• Clear overview of all activities over a project's life

  • Visualization of dependencies

  • Better resource management

  • Easier to pinpoint a project's current status

  • Can assist in stakeholder communication

  • Make changes at any time


  • Set up time increases with project size

  • As detail is added (such as task descriptions), clarity is lost

  • Charts can be very complex for larger projects

  • Linear project planning restricts flexibility

Gantt Chart Alternatives

There are many other charts and visualization tools apart from Gantt diagrams. Some of the most popular alternatives include:

  • Timeline: Add events or milestones to this without the level of detail found in a Gantt chart. This is particularly easy to do, however, it might generate more questions owing to its superficiality. Still, timelines are a great option for small or straightforward projects.

  • Kanban board: On this, you'll be able to monitor the progress and status of all tasks. Assignments move from left to right through "Open", "In Progress", and "Done" columns.

  • Network chart: Use this to quickly identify dependencies, tasks, and corresponding resources.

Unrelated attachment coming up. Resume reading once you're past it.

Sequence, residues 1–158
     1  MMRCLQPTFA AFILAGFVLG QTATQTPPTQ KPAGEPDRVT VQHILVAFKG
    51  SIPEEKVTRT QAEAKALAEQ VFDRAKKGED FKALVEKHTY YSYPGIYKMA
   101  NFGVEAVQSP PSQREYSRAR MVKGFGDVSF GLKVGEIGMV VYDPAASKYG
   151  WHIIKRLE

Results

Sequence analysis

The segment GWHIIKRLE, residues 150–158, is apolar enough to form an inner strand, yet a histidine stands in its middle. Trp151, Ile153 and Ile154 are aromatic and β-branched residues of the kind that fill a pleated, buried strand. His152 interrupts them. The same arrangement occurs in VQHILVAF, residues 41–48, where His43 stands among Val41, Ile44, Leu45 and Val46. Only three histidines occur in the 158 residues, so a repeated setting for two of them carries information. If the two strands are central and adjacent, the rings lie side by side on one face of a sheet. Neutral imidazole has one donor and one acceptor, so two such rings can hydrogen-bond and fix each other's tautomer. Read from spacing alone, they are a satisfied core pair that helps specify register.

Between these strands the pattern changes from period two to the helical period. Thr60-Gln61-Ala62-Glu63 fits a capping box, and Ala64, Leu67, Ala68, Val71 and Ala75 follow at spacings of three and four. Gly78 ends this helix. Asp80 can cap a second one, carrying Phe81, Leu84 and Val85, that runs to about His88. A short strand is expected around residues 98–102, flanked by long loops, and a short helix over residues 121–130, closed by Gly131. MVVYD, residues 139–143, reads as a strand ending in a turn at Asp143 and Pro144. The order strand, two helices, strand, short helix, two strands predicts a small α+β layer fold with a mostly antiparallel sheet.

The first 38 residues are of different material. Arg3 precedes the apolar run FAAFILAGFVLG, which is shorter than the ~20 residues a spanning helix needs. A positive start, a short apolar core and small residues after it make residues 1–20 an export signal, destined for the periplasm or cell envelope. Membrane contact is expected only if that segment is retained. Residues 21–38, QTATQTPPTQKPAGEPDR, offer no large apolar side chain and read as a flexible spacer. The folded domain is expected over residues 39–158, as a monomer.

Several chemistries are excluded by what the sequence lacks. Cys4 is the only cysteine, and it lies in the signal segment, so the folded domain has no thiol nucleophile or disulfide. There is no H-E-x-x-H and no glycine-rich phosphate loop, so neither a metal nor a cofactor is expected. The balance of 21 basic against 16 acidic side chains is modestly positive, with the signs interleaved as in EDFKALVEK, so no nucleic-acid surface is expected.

• Checklist: This old-fashioned method is excellent for simple and small projects. Instantly see what's been completed and what still needs to be done.


Gantt charts offer a practical way to visualize projects and processes. Use one to easily see which assignments are up ahead, how much time they'll need, and whether they're dependent on any other activities or tasks.

Managers can apply this method to not only direct projects but also to interact more effectively with stakeholders, keeping them up-to-date about the most recent developments and progress.

Anastasia Wranek studied business psychology and worked for several years as a project and process manager. Her specialties are organizational and personnel development as well as IT project management. As a freelance author, she mainly writes on the topics of project management, agility and new work.
* Ad disclaimer: For links marked with an asterisk, may earn a commission from the provider. The commission has no influence on our editorial rating.